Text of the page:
The Clinton Herald, Clinton, Iowa

Community News Network

May 2, 2013

New camera inspired by insect eyes

An insect's compound eye is an engineering marvel: high resolution, wide field of view, and incredible sensitivity to motion, all in a compact package. Now, a new digital camera provides the best-ever imitation of a bug's vision, using new optical materials and techniques. This technology could someday give patrolling surveillance drones the same exquisite vision as a dragonfly on the hunt.

Human eyes and conventional cameras work about the same way. Light enters a single curved lens and resolves into an image on a retina or photosensitive chip. But a bug's eyes are covered with many individual lenses, each connected to light-detecting cells and an optic nerve. These units, called ommatidia, are essentially self-contained minieyes. Ants have a few hundred. Praying mantises have tens of thousands. The semicircular eyes sometimes take up most of an insect's head.

While biologists continue to study compound eyes, materials scientists such as John Rogers try to mimic elements of their design. Many previous attempts to make compound eyes focused light from multiple lenses onto a flat chip, such as the charge-coupled device chips in digital cameras. While flat silicon chips have worked well for digital photography, in biology, "you never see that design," Rogers says. He thinks that a curved system of detectors better imitates biological eyes. In 2008, his lab created a camera designed like a mammal eye, with a concave electronic "retina" at the back. The curved surface enabled a wider field of view without the distortion typical of a wide-angle camera lens. Rogers then turned his attention to the compound eye.

Over the last 3 years, Rogers and students in his lab at the University of Illinois, Urbana-Champaign, have developed an array of 180 ommatidia (about the same number as in the eye of a fire ant), each of which contains a lens, tiny silicon photodetectors, and circuitry to read the image. But nanoscale manufacturing on a flexible, curved surface is tricky, says electrical engineer R. Fabian Pease of Stanford University in Palo Alto, California, who was not involved in the research. "It's not even easy on a nice, flat, rigid silicon wafer."

Text Only
Community News Network
  • 072214 Diamond Llama 1.jpg Llama on the loose corralled in Missouri town

    A llama on the lam cruised Main Street Tuesday before it mistook a resident’s fenced backyard for a place to grab a meal and freshen up.

    July 22, 2014 2 Photos

  • When your doctor commits suicide, things get complicated

    When they call for appointments, patients are told they can't see their doctor. Ever. The standard line: "We are sorry, but your doctor died suddenly."

    July 15, 2014

  • NWS-HB0713-HowardMartin-004.jpg Airman laid to rest back home in Indiana six decades after death

    The mystery of what happened to a military transport plane that disappeared in the fall of 1952 into an Alaskan glacier was solved two years ago when a helicopter crew spotted the wreckage. But it took another two years to retrieve the remains of Airman Howard Miller and 16 other servicemen passengers. Saturday, Miller was laid to rest in his hometown of Elwood, Ind., with full military honors. Hundreds turned out for the funeral and burial services.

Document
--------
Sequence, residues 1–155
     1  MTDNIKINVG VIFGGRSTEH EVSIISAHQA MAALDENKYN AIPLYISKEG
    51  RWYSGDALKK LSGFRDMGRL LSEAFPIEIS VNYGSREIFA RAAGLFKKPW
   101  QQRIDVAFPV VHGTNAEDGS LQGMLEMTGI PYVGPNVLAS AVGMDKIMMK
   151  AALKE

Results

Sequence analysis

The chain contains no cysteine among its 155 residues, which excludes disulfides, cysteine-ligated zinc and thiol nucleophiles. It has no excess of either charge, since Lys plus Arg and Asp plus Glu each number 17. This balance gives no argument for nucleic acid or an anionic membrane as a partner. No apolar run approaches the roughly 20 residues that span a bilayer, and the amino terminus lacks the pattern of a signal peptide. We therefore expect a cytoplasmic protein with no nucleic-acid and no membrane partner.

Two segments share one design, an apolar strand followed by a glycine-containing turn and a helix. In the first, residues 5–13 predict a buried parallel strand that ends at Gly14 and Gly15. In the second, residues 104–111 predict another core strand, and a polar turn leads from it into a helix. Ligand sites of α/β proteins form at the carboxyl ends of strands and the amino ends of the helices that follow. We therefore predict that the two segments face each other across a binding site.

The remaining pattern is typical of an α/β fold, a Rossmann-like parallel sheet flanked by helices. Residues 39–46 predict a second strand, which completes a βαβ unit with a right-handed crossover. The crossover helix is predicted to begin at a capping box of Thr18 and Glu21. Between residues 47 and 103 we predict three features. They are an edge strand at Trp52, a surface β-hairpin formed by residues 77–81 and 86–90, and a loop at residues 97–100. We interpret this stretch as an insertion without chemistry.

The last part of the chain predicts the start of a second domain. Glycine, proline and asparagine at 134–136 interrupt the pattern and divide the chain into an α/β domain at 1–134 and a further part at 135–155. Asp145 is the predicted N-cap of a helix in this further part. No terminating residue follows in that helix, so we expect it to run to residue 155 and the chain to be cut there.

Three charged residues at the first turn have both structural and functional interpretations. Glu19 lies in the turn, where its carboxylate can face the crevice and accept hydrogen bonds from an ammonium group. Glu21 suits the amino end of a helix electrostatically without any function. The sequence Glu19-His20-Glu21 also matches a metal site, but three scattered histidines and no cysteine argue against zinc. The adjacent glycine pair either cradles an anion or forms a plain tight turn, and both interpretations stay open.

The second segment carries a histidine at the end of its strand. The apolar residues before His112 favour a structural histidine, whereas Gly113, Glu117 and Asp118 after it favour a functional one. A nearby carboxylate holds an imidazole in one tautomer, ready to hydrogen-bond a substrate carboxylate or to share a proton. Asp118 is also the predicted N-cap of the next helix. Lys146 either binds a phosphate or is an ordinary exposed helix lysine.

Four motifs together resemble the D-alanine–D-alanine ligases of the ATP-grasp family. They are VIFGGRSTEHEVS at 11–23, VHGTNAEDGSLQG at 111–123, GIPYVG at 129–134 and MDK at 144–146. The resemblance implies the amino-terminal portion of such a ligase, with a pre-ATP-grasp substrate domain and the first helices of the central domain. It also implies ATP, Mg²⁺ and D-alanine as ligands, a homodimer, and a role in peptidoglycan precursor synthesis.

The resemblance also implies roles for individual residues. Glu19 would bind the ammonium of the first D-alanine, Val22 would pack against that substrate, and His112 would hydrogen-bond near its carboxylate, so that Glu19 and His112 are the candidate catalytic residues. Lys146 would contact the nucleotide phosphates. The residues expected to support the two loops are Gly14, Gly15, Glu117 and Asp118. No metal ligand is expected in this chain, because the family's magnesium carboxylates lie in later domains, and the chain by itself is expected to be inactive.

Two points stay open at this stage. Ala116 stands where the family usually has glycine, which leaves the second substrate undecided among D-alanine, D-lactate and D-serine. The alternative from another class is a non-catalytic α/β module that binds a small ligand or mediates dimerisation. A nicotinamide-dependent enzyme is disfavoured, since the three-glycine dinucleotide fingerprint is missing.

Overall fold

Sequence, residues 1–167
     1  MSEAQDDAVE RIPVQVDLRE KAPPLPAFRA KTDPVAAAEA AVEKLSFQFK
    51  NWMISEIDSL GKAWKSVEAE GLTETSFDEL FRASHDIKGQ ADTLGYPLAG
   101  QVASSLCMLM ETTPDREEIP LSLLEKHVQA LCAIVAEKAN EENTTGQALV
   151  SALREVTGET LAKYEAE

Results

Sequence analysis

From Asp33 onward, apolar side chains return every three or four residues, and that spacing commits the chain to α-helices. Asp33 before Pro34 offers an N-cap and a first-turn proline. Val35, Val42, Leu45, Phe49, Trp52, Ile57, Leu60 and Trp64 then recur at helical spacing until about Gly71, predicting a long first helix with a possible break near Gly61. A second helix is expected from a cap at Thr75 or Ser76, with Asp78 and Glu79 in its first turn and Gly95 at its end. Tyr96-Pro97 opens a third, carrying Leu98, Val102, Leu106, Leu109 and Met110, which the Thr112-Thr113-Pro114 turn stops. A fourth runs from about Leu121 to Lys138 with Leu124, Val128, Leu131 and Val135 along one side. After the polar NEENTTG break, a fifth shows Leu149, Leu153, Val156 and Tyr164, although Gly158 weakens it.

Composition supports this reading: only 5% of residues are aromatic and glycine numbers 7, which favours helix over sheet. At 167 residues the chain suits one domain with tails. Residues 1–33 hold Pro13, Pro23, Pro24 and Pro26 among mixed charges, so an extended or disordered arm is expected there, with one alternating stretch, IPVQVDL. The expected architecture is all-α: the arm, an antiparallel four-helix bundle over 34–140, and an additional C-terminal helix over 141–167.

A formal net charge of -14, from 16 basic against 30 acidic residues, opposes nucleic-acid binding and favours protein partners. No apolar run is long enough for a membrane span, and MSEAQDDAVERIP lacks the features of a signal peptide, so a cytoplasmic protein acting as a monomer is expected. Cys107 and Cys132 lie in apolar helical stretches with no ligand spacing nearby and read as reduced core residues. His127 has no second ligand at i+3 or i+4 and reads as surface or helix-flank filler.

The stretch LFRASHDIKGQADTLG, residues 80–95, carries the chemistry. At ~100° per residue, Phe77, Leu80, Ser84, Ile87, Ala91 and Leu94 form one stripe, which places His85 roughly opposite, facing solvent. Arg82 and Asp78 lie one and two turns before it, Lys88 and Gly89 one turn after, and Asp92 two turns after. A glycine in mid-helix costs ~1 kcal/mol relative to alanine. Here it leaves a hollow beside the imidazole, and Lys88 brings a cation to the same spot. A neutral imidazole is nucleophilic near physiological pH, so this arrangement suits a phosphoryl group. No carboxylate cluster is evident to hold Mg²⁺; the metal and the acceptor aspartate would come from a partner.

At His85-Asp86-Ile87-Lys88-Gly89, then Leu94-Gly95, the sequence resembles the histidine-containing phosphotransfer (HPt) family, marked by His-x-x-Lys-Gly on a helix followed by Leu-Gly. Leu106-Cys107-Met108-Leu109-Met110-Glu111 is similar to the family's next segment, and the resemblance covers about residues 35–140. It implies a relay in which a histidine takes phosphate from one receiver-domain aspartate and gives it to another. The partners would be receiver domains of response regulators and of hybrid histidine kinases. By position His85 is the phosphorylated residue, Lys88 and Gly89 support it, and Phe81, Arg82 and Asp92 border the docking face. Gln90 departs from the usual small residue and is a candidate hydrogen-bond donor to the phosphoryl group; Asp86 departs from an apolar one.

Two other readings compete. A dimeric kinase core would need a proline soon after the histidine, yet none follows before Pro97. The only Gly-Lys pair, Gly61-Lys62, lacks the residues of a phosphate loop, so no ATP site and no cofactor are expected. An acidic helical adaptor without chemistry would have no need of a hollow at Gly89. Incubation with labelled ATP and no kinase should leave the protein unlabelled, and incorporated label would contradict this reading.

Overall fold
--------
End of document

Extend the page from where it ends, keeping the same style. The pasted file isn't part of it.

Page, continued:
July 13, 2014 2 Photos

  • This is what happened when I drove my Mercedes to pick up food stamps

     I climbed the ladder quickly, free to work any hours in any location for any pay. I moved from market to market, always achieving a better title, a better salary. Succeeding.

    July 8, 2014

  • Nation's first soda tax could come to Berkeley

    The Berkeley City Council unanimously decided last week to put the 1-cent-per-ounce tax on the ballot this November. Approving the tax would mean a major defeat for the soda industry, which has spent millions to crush the effort nationwide.

    July 7, 2014

  • President Barack Obama mug Best president? Worst president? Don't read too much into those polls

    The questions about who are the best and worst post-WWII presidents are useless. What they mainly show is that Republicans are far more unified around a single story than are Democrats.

    July 2, 2014 1 Photo

  • What states can do on their own about immigration

    It's official: Congress won't take up immigration reform this year. This week, President Barack Obama said he'll use executive actions to change policies unilaterally.

    July 1, 2014

  • The Internet has changed how we curse

    Relatively recent technologies — cable television, satellite radio, and social media — provide us with a not-too-unrealistic picture of how often people swear in public and what they say when they do.

    June 24, 2014

  • May 2014 was the hottest may in recorded history

    According to new data released this week, May 2014 is officially the warmest May in recorded history.
    Both NASA and the Japan Meteorological Agency have tentatively ranked May at the top of historical measurements, though NASA's numbers are preliminary because crucial information is still missing from China.

    June 18, 2014

  • facebook.png Facebook making big changes to its advertisements

    Facebook is making significant changes to the advertisements on its network, and said Thursday that it will give users more control over which ads they see on its network.

    June 12, 2014 1 Photo

Front page
Clinton Herald Photos


Browse, buy and submit pictures with our photo site.

Poll

What are your plans for the weekend?

Enjoying the outdoors
Staying in out of the heat
Traveling
Other
     View Results
AP Video
Olympics 2014
Featured Comment
Featured Ads
Blue Zones Project
Parade
Magazine

Click HERE to read all your Parade favorites including Hollywood Wire, Celebrity interviews and photo galleries, Food recipes and cooking tips, Games and lots more.